Roberto Zucco

Roberto Zucco
a kate west review
by Bernard-Marie Koltès
at Open Fist Theatre Company, 1625 N. La
Brea, Hollywood 90028
Runs June 4 –
July 17, 2004; Contact (323) 882-6912 or

Murder itself is never justifiable but the potential for violence exists in all of us. What triggers that latent darkness is so
mething best left to the professionals to analyze and the rest of us to speculate about. French Playwright Bernard-Marie Koltès (1948-1989) explores this disturbing tendency for us in the Open Fist Theatre Company’s recent production of “Roberto Zucco.”

Inspired and loosely based on actual events, “Roberto Zucco” is a bleak, sardonic look at domestic and social violence, in a European surrealistic style reminiscent of Jean Genet, Samuel Beckett or Bertolt Brecht. Robert Zucco (darkly portrayed by Patrick Tuttle) is on the run, wanted for murdering his father. During the course of the play, he murders more people, including his own mother (Melanie Chapman). Because many of the characters are not particularly sympathetic, Koltès appears to be painting an ugly world which reflects different degrees of human evil. The Brother (Aaron Lyons) sells his sister (Jennifer Pennington) into prostitution, a spoiled, rich, Waspish Elegant Lady (fiercely portrayed by Michelle Haner) inadvertently sacrifices her own son (Sabrina Bernasconi) and the police force is generally ineffective.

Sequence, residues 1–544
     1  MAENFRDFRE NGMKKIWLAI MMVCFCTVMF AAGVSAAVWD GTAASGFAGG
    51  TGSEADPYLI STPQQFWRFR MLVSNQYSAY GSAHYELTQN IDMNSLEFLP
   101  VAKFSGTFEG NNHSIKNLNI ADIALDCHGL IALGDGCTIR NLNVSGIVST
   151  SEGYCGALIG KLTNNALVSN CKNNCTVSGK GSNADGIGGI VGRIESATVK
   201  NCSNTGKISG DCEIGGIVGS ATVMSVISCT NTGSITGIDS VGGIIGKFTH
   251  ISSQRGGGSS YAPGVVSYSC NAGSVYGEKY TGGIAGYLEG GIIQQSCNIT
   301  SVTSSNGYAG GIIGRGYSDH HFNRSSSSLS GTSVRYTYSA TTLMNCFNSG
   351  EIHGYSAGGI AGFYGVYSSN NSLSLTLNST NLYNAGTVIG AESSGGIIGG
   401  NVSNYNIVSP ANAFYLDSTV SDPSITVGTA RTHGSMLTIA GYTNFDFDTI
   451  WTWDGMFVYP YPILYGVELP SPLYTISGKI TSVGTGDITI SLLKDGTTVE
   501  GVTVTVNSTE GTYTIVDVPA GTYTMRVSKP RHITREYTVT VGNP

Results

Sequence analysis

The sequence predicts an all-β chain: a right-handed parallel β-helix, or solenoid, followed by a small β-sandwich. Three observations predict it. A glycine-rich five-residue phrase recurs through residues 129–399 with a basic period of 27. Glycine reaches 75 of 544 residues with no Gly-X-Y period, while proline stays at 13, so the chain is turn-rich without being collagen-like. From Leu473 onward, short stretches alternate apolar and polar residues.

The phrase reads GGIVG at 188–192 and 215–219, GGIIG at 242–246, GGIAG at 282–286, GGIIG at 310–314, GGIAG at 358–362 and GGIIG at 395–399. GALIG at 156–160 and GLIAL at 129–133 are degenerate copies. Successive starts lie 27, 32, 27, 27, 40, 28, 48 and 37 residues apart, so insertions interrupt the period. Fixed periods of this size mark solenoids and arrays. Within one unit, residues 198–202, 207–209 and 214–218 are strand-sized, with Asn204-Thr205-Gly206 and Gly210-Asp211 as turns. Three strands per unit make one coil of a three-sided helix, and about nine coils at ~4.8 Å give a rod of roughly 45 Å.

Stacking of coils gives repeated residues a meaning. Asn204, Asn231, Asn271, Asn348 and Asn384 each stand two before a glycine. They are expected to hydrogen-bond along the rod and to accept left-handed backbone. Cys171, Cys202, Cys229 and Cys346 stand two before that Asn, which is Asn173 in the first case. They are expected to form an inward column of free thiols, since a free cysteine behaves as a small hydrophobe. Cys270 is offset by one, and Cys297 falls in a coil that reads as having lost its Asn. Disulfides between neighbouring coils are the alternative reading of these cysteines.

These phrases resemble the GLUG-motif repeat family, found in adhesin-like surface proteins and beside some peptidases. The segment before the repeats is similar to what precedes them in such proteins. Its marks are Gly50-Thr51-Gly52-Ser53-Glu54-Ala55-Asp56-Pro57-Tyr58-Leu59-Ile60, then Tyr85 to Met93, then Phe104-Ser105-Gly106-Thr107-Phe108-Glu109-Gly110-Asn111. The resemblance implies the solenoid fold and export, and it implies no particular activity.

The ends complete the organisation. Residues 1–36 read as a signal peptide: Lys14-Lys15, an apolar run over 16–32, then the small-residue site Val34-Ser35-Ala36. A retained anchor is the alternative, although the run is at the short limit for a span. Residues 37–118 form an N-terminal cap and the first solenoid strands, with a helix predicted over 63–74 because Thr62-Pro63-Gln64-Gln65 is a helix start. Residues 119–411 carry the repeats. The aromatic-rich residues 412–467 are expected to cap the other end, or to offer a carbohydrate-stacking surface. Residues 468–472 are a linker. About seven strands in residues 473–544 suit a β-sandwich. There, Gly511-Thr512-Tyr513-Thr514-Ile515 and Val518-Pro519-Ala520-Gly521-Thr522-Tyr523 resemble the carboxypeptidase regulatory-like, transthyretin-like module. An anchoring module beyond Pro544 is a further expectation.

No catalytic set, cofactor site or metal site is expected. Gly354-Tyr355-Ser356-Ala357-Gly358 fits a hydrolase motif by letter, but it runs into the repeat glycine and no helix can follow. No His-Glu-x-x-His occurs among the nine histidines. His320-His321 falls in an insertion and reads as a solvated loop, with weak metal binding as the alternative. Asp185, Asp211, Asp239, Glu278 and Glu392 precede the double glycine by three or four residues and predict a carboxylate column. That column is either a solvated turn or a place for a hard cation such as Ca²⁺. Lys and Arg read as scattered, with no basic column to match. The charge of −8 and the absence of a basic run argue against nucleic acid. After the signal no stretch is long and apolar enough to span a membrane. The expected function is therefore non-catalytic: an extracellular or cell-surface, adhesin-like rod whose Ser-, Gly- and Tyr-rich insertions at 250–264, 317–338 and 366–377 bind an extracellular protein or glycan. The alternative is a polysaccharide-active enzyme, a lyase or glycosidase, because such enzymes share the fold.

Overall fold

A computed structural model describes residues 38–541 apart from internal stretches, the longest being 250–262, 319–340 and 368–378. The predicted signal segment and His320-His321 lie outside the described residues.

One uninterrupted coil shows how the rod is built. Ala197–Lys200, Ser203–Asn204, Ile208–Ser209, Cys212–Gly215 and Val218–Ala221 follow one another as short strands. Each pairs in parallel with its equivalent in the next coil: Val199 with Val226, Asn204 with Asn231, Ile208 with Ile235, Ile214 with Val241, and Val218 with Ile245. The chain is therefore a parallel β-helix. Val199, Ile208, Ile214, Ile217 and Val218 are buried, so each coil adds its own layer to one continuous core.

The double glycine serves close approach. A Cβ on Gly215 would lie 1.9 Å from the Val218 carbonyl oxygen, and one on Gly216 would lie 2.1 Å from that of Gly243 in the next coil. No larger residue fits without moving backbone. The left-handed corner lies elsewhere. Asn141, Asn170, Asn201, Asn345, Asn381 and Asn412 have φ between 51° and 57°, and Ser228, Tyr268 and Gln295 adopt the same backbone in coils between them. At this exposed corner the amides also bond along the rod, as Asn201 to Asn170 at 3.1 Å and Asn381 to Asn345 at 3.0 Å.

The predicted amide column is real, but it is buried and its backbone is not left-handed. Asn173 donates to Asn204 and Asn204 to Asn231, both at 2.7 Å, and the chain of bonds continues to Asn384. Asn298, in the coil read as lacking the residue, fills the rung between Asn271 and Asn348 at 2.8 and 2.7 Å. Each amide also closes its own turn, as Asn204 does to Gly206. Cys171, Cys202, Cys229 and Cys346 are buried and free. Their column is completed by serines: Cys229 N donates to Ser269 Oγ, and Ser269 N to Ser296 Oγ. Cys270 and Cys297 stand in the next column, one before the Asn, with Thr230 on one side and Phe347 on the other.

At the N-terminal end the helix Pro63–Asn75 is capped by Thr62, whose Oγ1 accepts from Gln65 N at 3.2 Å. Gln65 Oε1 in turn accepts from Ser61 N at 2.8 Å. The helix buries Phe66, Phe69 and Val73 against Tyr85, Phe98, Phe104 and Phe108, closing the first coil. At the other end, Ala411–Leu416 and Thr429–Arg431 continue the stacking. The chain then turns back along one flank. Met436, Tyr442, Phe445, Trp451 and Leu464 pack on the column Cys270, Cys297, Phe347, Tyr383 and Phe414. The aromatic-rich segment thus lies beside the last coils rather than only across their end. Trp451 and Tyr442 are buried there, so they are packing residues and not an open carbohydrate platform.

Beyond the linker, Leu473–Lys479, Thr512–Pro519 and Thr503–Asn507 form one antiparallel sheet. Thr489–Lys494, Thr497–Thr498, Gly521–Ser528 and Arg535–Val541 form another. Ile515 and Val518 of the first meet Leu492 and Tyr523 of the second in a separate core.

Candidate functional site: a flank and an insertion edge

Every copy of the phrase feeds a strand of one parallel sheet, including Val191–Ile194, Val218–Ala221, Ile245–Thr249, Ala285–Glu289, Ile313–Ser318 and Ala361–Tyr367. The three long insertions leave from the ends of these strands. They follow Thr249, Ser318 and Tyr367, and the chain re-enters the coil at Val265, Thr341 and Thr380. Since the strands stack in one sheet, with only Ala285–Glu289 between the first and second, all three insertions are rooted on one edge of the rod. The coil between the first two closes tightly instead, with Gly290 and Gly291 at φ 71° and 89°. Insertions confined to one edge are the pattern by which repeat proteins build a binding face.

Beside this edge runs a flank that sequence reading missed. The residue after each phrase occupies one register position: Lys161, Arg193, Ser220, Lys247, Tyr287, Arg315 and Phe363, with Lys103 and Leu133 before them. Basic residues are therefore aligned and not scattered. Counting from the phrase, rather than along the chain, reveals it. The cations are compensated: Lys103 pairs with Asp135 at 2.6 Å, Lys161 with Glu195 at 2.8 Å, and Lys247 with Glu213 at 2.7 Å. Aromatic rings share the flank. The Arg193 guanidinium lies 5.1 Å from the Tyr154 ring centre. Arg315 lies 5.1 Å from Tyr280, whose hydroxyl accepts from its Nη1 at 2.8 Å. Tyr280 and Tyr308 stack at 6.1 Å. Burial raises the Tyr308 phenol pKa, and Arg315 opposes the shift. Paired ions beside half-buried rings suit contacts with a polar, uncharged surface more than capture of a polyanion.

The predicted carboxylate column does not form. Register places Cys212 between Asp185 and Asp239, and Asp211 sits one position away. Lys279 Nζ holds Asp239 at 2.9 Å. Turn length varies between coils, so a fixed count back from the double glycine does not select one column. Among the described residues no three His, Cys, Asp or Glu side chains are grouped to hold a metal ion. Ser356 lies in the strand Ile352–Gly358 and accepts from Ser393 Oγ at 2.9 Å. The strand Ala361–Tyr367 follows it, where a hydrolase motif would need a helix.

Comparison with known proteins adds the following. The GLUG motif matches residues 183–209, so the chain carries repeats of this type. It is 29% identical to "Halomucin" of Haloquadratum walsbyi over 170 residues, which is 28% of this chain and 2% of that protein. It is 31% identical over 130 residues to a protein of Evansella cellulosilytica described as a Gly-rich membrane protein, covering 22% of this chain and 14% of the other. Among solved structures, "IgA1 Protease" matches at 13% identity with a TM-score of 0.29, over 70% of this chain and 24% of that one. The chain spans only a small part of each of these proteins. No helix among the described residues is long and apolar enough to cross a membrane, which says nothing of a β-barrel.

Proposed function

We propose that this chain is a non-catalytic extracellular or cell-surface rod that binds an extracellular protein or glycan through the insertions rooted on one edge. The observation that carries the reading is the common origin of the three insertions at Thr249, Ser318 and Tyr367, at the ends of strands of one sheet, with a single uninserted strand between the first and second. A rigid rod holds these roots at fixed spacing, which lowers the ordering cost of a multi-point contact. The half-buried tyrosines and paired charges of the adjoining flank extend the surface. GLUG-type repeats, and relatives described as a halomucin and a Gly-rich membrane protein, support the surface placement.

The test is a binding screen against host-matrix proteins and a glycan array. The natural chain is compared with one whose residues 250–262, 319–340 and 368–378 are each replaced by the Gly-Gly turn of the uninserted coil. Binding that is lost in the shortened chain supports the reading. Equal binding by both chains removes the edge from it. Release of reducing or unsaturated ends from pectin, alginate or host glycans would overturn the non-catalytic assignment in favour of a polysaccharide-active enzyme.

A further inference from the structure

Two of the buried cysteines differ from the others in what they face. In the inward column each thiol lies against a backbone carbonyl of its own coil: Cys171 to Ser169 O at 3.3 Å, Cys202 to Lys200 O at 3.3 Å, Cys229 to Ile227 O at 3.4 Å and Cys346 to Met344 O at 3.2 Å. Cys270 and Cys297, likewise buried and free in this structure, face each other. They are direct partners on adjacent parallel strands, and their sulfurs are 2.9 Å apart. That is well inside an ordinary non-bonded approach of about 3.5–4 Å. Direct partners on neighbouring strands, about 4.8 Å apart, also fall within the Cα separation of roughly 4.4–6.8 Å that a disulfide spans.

Although some of the actors seem to be a little out of their depth, they handle the difficult material fairly well for the most part. Patrick Tuttle as Roberto Zucco becomes stronger as the play progresses and character actors like Weston Blakesley (The Father/Man 2), Andrea Fears (The Sister) and Rebecca Metz (the stoic Madam in a wheelchair) stride in and out of the action, adding to the bizarre, angry alienation of Zucco’s tortured world. Jennifer Pennington plays The Girl who loses her virginity to Zucco and in losing her innocence, she is abandoned by her family and by society. It is jarring to see that Pennington herself is obviously older than a young girl, but Director Russell Milton (and it is probably in the script as well) may have purposefully cast the role this way in order to reflect how short-lived true innocence can be. The choice of a Madam in a wheelchair is interesting as well, for a character whose livelihood depends on her body.

Set Designer Eric Hugunin maintains this sense of stylized isolation with his esoteric set, composed of huge, dark rectangles, in different shades of blue-grey, with a severe rake at stage left. The odd angles of the set add to the twisted perspective of the piece, where morality is not so easily defined and normal decency is rare. Who are the real criminals – the actual murdered or the cruelly pathetic members of society who created the wanted killer?

Avant-garde theater is an acquired taste and this production may be difficult to watch but in the end, one appreciates the thought-provoking influence it has on the audience, even while not drawing any satisfactory conclusions. If you are comfortable with unanswered life questions, then by all means brave this theatrical experience.

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